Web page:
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Krizek v. Queens Medical Center

United States District Court, S.D. New York

July 25, 2018

HELENDA KRIZEK, Birth Mother of BIANCA HELEN KRIZEK DECEDENT, Plaintiff,
v.
QUEENS MEDICAL CENTER; HAWAII RESIDENCY PROGRAM HRP; HAWAII CORONER; DR. MATTHEW DUMOUCHEL; DR. NOBUHIRO ARIYOSHI; DR. ITTIKORN SPANUCHART; DR. WENDY W. HSU; DR. HAO CHIH HO; DR. CHRISTOPHER HAPPY; DR. T. SCOTT GALLACHER, are named and sued in their official & individual capacity, Defendant.

          ORDER

          PAUL G. GARDEPHE, U.S.D.J.

         Pro se Plaintiff lives in Manhattan and asserts state law claims pursuant to this Court's diversity jurisdiction.[1] Defendants are the Queens Medical Center in Honolulu, Hawaii ("the Hospital"); the Hawaii Residency Program - a "non-for profit corporation[] [based in Honolulu, Hawaii] that supports medical education and training for medical residents in Hawaii"; physicians who are, or were, employed at the Hospital (Defendants Matthew Dumouchel, Nobuhiro Ariyoshi, Ittikorn Spanuchart, Wendy Hsu, Hao Chih Ho, and Scott Gallacher); the "Hawaii Coroner"; and the Chief Medical Examiner of the Hawaii Coroner's Office (Defendant Christopher Happy). (See Cmplt. (Dkt. No. 1) ¶¶ 3-14)

         The Complaint alleges that Plaintiff is the "birth mother" of Bianca Helen Krizek and that Plaintiffs daughter died while being treated at the Hospital. (Id. ¶¶ 3, 19-86)[2] The Complaint asserts claims of negligence, fraudulent concealment, and nonfeasance/misfeasance/malfeasance on behalf of Plaintiff and her daughter arising out of the treatment her daughter received at the Hospital and the subsequent investigation conducted by the Honolulu Medical Examiner's Office. (See id. ¶¶ 19-104)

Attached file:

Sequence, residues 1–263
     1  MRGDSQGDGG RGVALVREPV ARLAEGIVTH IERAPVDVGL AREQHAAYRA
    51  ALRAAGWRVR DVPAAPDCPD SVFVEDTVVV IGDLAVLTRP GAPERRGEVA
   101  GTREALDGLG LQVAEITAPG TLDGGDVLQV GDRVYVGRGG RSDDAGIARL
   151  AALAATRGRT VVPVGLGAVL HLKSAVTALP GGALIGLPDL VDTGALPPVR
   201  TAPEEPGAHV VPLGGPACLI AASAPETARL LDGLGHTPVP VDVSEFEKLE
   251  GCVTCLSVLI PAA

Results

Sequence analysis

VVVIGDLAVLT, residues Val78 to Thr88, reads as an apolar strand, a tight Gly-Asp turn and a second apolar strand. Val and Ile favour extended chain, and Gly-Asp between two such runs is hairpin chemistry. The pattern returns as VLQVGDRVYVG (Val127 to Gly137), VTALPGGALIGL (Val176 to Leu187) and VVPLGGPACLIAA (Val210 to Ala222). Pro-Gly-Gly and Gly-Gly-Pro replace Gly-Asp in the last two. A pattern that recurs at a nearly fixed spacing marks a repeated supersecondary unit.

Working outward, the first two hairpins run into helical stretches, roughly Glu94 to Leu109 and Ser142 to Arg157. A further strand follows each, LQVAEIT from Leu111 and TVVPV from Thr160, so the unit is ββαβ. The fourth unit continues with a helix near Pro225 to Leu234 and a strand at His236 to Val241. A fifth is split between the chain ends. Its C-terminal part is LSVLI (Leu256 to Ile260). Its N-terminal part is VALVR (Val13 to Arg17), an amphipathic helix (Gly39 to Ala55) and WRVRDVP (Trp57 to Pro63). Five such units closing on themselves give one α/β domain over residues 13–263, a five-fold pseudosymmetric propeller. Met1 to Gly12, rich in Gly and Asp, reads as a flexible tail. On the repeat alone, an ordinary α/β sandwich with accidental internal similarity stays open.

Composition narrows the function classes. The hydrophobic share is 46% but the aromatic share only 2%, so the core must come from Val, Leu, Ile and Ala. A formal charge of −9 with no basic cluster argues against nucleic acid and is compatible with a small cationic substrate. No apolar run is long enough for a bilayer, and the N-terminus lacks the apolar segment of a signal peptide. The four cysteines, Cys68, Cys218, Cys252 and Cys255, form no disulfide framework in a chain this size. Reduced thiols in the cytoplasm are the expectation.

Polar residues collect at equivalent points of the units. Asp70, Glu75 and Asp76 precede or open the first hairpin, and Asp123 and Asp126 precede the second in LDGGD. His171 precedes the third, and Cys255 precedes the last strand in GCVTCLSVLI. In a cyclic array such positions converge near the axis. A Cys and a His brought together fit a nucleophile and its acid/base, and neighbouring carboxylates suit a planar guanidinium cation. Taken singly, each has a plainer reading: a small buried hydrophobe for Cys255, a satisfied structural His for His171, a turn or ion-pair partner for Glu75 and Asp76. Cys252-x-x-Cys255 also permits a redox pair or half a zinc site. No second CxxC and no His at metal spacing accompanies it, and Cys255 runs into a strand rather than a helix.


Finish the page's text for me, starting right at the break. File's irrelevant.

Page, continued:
For the reasons stated below, this action will be transferred to the United States District Court for the District of Hawaii.

         DISCUSSION

         Under the general venue statute, 28 U.S.C. § 1391(b), unless otherwise provided by law, a federal civil action may be brought in:

(1) a judicial district in which any defendant resides, if all defendants are residents of the State in which the district is located; (2) a judicial district in which a substantial part of the events or omissions giving rise to the claim occurred, or a substantial part of property that is the subject of the action is situated; or (3) if there is no district in which an action may otherwise be brought as provided in this section, any judicial district in which any defendant is subject to the court's personal jurisdiction with respect to such action.

         Under § 1391(c), a "natural person" resides in the district where the person is domiciled, and any other "entity with the capacity to sue and be sued," if a defendant, resides in any judicial district where it is subject to personal jurisdiction with respect to the civil action in question. 28 U.S.C. § 1391(c)(1), (2).

         Here, the Complaint alleges that the Defendant entities are located in Hawaii, and that all of the individual Defendants are employees of the Hospital or the Hawaii Coroner's Office. (Cmplt. (Dkt. No. 1) ¶¶5-14) From these allegations, it is a fair inference that all of the Defendants were or are residents of Hawaii.[3]